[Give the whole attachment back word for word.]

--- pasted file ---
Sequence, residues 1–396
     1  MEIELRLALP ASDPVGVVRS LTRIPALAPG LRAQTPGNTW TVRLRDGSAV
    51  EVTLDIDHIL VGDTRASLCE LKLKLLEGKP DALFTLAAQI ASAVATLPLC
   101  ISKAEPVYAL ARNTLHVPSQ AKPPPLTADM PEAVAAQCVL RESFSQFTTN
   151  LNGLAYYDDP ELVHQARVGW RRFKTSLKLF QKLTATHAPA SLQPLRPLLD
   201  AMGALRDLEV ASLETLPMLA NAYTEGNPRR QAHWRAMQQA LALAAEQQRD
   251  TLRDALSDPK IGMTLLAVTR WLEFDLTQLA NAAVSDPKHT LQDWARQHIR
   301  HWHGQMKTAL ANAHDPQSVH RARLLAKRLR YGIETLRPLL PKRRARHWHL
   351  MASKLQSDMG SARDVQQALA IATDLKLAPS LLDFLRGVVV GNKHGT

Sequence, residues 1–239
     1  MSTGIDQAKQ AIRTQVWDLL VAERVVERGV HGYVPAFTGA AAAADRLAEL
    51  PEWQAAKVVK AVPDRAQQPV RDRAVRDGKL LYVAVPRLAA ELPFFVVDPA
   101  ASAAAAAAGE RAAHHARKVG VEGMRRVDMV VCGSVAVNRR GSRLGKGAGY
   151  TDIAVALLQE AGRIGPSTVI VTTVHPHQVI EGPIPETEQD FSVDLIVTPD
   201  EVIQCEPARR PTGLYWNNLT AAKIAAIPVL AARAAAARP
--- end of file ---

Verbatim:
Sequence, residues 1–396
     1  MEIELRLALP ASDPVGVVRS LTRIPALAPG LRAQTPGNTW TVRLRDGSAV
    51  EVTLDIDHIL VGDTRASLCE LKLKLLEGKP DALFTLAAQI ASAVATLPLC
   101  ISKAEPVYAL ARNTLHVPSQ AKPPPLTADM PEAVAAQCVL RESFSQFTTN
   151  LNGLAYYDDP ELVHQARVGW RRFKTSLKLF QKLTATHAPA SLQPLRPLLD
   201  AMGALRDLEV ASLETLPMLA NAYTEGNPRR QAHWRAMQQA LALAAEQQRD
   251  TLRDALSDPK IGMTLLAVTR WLEFDLTQLA NAAVSDPKHT LQDWARQHIR
   301  HWHGQMKTAL ANAHDPQSVH RARLLAKRLR YGIETLRPLL PKRRARHWHL
   351  MASKLQSDMG SARDVQQALA IATDLKLAPS LLDFLRGVVV GNKHGT

Sequence, residues 1–239
     1  MSTGIDQAKQ AIRTQVWDLL VAERVVERGV HGYVPAFTGA AAAADRLAEL
    51  PEWQAAKVVK AVPDRAQQPV RDRAVRDGKL LYVAVPRLAA ELPFFVVDPA
   101  ASAAAAAAGE RAAHHARKVG VEGMRRVDMV VCGSVAVNRR GSRLGKGAGY
   151  TDIAVALLQE AGRIGPSTVI VTTVHPHQVI EGPIPETEQD FSVDLIVTPD
   201  EVIQCEPARR PTGLYWNNLT AAKIAAIPVL AARAAAARP